Thursday, December 25, 2008
It's December 25 and I just got off work at 6:30 am. The temperature is 34 degrees and the snow that was falling when I came to work at 9:30 pm turned to rain sometime during the night. There is still a lot of snow on the ground, and the roads and sidewalks are coated with a treacherous cocktail of snow, water, and ice. Without a pair of good boots it wouldn't be a great morning to walk the 5.5 miles home from work, as I have done a few times in the past year. I did it last December 25 when I tripped at the corner of Heron and 13th, and fell on the sidewalk breaking my nose, and giving myself a couple black eyes, thereby adding some unusual and unsightly cosmetic touches to our holiday celebration. I have no plans to make that an annual tradition. I drove to work last night.
It's a Thursday, usually a work day, that is, if it weren't the best known and most popular holiday of the year. So there is little or no traffic on the streets. Most businesses are closed. I think the only ones open are the "essentials;" medical centers as well as police and fire protection. A few trained specialists are on call, emergency repair persons such as doctors, plumbers, the power company, people who deal with the transport of substances needed to sustain life such as blood, water, oxygen, and electricity. It's a safe guess that none of them really want to be called today.
So on the way home from work I temporarily abandon my commitment to use less gasoline and take a longer route. I circle around downtown a few times and then drive the approximately five miles on State Street to the intersection at Glenwood. Usually on a Thursday morning these streets are thick with traffic. I obediently stop at about twenty red traffic signals along this route, but if I hadn't stopped or even slowed down, I wouldn't have hit anyone, or even come close to causing an accident. A few motorists might have been startled by my actions, but that's all that would have happened. There was virtually no traffic. When I stopped at traffic signals downtown, I looked both ways and usually there was no other vehicle in sight for as far as I could see, other than a few parked cars still covered with snow. Except for a few convenience stores, nearly all businesses are closed. Even that most villainous of retailers, which shall remain unnamed, at the corner of Glenwood and State is closed at 7:00 am.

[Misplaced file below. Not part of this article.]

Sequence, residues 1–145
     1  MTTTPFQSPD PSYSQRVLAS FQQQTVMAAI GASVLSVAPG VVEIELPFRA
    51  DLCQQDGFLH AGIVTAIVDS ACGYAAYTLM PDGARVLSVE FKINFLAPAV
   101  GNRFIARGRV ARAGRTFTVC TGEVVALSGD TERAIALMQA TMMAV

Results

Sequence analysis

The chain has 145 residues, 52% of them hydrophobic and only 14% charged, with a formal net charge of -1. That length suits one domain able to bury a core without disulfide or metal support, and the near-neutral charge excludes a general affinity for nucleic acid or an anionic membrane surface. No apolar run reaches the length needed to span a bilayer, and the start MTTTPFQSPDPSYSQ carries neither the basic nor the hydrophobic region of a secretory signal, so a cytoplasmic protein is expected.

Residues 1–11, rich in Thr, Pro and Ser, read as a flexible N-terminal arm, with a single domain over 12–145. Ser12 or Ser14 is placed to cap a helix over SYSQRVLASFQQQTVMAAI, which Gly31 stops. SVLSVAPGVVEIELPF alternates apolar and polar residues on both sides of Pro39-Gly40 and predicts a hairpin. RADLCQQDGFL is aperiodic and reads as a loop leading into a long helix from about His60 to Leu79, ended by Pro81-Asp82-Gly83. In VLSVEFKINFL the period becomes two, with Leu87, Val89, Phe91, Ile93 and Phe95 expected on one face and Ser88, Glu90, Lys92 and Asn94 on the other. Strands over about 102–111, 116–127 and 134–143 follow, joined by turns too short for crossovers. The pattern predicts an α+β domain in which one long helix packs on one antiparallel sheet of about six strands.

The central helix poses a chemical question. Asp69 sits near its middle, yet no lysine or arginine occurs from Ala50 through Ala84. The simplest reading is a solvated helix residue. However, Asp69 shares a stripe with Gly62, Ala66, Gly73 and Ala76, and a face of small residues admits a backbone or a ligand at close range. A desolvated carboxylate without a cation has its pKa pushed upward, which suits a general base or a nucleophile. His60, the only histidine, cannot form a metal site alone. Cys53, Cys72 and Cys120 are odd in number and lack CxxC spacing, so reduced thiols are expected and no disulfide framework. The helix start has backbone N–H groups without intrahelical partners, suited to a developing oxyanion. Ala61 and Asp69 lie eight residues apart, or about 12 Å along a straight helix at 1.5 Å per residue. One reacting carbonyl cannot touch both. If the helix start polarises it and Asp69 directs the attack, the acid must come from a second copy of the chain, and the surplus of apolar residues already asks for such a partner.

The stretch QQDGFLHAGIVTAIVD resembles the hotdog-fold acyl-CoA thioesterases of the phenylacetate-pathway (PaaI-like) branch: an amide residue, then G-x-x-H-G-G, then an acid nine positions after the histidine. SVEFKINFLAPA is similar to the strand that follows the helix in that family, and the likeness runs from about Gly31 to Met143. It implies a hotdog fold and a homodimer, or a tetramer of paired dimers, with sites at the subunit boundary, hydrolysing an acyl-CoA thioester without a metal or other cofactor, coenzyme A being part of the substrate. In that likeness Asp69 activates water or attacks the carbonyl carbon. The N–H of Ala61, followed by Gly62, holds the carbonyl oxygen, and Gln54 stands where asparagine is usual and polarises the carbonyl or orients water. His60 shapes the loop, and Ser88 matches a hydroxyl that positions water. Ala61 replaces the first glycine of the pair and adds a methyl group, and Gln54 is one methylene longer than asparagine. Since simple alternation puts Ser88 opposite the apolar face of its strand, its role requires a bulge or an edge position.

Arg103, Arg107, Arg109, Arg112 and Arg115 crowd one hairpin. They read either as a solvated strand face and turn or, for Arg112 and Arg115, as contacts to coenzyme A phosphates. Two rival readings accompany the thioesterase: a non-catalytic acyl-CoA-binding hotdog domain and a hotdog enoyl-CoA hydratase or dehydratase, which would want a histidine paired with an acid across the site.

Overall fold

I like this kind of day, not just because it's Christmas, but because it's a holiday that most people and businesses actually treat with respect and honor as a holiday. It's a time for people to relax, sleep in, rest, and share their lives with families and friends. Of course, for mothers and others, usually women, who have to prepare for Christmas dinners and other yuletide celebrations, there is work to do. But I also like holidays that are actually treated as holidays for other reasons. I like them because they give people a glimpse of what their hometown, regardless of size, would be like if it became a ghost town. Many towns and cities in this country that were lively locations of human activity a hundred years ago, no longer exist. Some died because the mines that supported them ran out of minerals. Others died because the railroad passed them by, and still others were swallowed up by larger cities. In human history, entire civilizations have vanished, leaving only archaeological remnants proving they once existed. On a morning like this I wonder what Boise would be like if I was the last person in the city, or even in the entire Treasure Valley. What if everyone else had left, moved on for some reason or another? Considering how most Americans live, consuming vast amounts of non-renewable natural resources, it's probably inevitable that at some time in the future, the cities of this country will become non-existent. It's possible, and perhaps even likely, that global warming and the decreasing supply of water that accompanies it, will someday make Boise and other western cities uninhabitable?
What would a newly abandoned Boise look like? Like this morning the streets would be empty. The blowing wind would be playing with dry snowflakes, or if it were summer, dust and tumbleweeds. The traffic signals would be idiotically blinking from red to green, then to amber and back to red, regulating non-existent traffic like silent actors on stage performing to an empty auditorium. Houses and other buildings would be abandoned, a few vandalized with broken windows, and others with open doors swinging in the wind. Feral dogs would be roaming in and out of open buildings, searching for edible garbage. In western cities that normally get more snow than Boise, such as Salt Lake City, Colorado Springs, and Billings, what would it be like to see snow that had fallen weeks or months before on streets, sidewalks, and around houses, melting naturally in the spring without ever being marked by a human foot print, or re-arranged by a shovel, blower, or snow plow? Of course the image of an abandoned Boise would be different if our city were destroyed by war, instead of drought or economic disaster. But even the Pentagon believes that future wars will be fought over water rather than oil.